By Jared Fields, Editor in Chief
C.E. “Doc” Cornutt, like many Americans, receives numerous credit card mailings. And like the majority, he throws them straight away.
The second-year chair of the Abilene Christian Board of Trustees knows mass marketing tells a story. A member of the board since 1989, he co-chaired a fundraising campaign that raised $114 million for ACU at the turn of the century.
But the story Cornutt wants to tell is more personal.
“The real story is one-on-one relationships with people,” Cornutt said.
An unprecedented restructuring of the board, which began last year, focuses on just that idea.
-Board to change-
The board’s role is to set policy for the university – policy that is carried out by administrators. The board’s lone employee is the president of the university.
Trustee members contribute their time, money and energy to the university and usually are unknowingly nominated and selected to be on the board.
Dr. Royce Money, president of the university, describes his motto for a good trustee that sounds more like a description of the hokie-pokie, “Nose in, fingers out.”
After extensive research and examination, the board then decided to reduce the number of members over a five-year period to about 30 from the current 54.
“Fifty to 55 members is an unwieldy number to govern properly,” Money said. “It’s too many to have any efficiency.”
The reduction will take place by cycling current members in and out of the board based on a seniority process.
“Those who elected to come back could come back for one, two or three year terms, depending on years of service,” Money said. “If they’ve served a lot, they come back for one year. If they’ve served a little, then three years.”
The move coincides with the board’s direction of making it function more effectively and efficiently, Cornutt said.
“We need to downsize our board somewhat so we can get more people involved instead of too many people involved,” Cornutt said.
Getting more people involved means increasing the accountability each member must maintain. The purpose committee, which is in charge of new member selection, monitors accountability.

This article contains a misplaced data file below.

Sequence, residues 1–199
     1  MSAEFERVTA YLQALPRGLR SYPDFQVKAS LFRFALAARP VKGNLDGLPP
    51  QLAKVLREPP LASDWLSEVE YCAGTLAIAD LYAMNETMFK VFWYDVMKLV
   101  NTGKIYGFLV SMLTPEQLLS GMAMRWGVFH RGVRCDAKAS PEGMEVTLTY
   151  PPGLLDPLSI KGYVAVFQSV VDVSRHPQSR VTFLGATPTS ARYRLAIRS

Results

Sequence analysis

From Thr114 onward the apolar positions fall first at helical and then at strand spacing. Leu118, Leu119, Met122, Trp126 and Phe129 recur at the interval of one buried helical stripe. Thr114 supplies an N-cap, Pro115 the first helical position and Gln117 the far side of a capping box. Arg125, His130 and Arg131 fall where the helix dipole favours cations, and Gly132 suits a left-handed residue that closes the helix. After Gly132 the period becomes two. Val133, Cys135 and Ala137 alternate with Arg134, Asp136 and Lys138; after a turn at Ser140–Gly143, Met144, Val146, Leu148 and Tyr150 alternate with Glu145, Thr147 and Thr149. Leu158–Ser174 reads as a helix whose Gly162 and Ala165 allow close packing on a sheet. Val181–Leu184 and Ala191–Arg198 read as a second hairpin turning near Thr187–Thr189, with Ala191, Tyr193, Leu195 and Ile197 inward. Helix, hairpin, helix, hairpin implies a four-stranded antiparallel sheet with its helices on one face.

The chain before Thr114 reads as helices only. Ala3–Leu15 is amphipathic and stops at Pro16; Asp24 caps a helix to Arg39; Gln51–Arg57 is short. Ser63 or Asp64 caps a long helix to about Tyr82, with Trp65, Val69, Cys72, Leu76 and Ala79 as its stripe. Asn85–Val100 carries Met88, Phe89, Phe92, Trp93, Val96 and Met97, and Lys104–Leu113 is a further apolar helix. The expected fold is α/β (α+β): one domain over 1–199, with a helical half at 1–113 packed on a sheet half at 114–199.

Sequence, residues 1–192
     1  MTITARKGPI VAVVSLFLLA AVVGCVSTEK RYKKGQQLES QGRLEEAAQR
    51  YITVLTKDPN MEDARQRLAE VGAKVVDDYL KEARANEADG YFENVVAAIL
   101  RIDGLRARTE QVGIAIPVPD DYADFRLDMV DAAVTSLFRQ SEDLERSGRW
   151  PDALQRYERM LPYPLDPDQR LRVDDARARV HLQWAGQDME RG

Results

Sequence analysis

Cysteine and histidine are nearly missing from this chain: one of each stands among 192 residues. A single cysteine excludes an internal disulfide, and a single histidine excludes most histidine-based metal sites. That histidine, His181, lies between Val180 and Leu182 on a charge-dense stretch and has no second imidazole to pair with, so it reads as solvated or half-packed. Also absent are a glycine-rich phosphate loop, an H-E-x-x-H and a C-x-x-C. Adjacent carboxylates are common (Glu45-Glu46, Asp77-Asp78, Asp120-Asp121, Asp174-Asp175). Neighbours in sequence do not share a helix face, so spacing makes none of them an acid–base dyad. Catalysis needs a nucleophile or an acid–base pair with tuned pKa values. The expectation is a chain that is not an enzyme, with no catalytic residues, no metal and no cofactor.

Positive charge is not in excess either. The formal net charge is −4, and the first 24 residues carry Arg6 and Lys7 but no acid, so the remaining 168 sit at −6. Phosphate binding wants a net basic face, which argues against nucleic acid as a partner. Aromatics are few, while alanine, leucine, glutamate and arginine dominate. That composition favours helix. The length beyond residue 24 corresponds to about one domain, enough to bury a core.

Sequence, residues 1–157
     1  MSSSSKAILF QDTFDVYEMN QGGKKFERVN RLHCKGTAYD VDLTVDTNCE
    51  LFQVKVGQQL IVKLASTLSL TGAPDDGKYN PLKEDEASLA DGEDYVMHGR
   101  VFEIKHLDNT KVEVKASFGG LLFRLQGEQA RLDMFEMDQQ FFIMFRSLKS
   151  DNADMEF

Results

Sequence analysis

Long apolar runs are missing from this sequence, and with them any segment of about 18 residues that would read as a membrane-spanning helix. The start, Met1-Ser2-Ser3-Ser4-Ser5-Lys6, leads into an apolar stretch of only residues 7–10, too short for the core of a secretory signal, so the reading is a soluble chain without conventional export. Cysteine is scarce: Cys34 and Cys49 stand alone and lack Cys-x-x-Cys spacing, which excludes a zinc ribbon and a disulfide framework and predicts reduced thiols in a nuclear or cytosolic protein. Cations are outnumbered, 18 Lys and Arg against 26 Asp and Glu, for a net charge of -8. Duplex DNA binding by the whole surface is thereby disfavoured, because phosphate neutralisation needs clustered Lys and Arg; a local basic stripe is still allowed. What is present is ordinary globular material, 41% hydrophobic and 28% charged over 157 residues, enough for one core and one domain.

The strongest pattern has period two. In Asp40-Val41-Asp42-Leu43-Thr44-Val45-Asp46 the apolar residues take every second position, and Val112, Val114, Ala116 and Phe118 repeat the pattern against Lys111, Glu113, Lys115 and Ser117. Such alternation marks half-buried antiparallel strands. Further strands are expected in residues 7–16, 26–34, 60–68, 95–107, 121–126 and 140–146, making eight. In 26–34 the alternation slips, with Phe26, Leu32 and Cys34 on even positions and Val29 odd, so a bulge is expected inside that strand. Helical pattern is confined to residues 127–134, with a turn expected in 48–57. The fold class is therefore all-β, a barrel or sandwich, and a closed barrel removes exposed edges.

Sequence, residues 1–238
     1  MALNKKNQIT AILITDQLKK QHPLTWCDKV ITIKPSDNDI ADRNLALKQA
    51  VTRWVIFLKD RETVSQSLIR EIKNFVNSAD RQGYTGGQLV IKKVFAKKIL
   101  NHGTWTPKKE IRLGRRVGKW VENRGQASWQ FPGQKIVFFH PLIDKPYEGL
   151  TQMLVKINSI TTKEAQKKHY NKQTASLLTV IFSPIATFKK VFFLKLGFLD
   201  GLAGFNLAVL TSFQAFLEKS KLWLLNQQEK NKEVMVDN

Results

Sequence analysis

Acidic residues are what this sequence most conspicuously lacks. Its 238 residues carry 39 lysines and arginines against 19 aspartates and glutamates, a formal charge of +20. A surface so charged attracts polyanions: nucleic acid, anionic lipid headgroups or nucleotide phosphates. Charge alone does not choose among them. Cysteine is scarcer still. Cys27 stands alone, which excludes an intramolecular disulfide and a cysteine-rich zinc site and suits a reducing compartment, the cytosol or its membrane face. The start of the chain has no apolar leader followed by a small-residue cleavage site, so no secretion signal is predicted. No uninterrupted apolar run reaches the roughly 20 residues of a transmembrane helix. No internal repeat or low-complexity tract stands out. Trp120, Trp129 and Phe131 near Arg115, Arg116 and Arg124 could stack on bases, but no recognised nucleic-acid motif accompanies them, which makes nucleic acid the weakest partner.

The committee measures accountability, which the board voted for, in three parts. First, a member must attend three of the four yearly meetings. Second, a member must read literature dealing with board governance and higher education. And last, he or she must uphold recruiting obligations and make campus visits. And as always, a board member is expected to be a regular donor to the university.
“It’s a good move to help the board stay more relevant,” Money said. “We’re moving too fast to not keep the board more involved.”
Cornutt said he wants to ensure the board members contribute with their individual gifts.
“Everyone on the board has their own talent or gift,” Cornutt said. “What we’re really trying to do, from the board’s
standpoint, is to be efficient.”
-Not the only way-
A 30-member board doesn’t necessarily mean a small board. And ACU’s board functions much differently from others around the nation.
F. Scott Dueser, chairman, president and CEO of First Financial Bankshares, has served as Texas Tech University’s chairman of the Board of Regents since July and was on the board for five years previously.
A large, state-operated university, the Texas Tech system functions opposite ACU’s board in almost every way. Instead of 54 board members, Texas Tech has nine, and one is a student.
“The difference between us and ACU’s board, because we are a state school, is we go under the Open Meetings Act,” Dueser said.
The Tech board meets five times a year and cannot conduct a meeting without posting it to the public.
“I’m probably up in Lubbock at least once a month, and I’m on the phone two to three times a day,” Dueser said. “We really don’t e-mail each other, especially if it’s a sensitive issue. The media can come in and get anything we correspond with.”
A far cry from Tech’s board, members here spent many hours researching the organizational formats of other university boards before committing to a change.
“It was great to see how we compare against other universities,” Cornutt said.
Part of the ACU board’s restructuring involves creating a separate, non-governing board, called the national board, to replace the senior board.
Don Crisp, former chair of the board and current board member, said the national board’s meetings this weekend began establishing its part in the ACU body.
“We’re really more of an advisory, volunteer organization,” Crisp said.
Crisp said he hopes to have one more meeting in May when the governing board meets and to be operational by the end of the year.
“Today we had 10 national board members,” Crisp said. “We currently have 13 members, but over the next three to four years we anticipate the group will have probably 50 to 60 people.”
-A balancing act-
All the energy and time put into the board takes great commitment to the university. But the extra work put into the reorganization of the board to see its progression match that of the world around it takes balance.
“What we’re really trying to do is to make sure that we keep the balance,” Cornutt said after Saturday’s morning meeting marked the end of this weekend’s gathering. “That continues to have us carry momentum on everything we continue to do.”
The board resizing isn’t about numbers, Cornutt said, but about having broad collaboration with committee members, administrators and staff.
Cornutt said that collaboration and the skills of the board members allow the board to accomplish its goals.
“That’s why we met our campaign goals; that’s why we met our endowment goals,” Cornutt said. “We have people like that who came together with staff, who came together with the administration and made it happen.”
With the heightened accountability, Cornutt said the weekend’s meetings had a good turnout.
“I can safely say that this board is committed for the next 100 years and is certainly excited about it,” Cornutt said.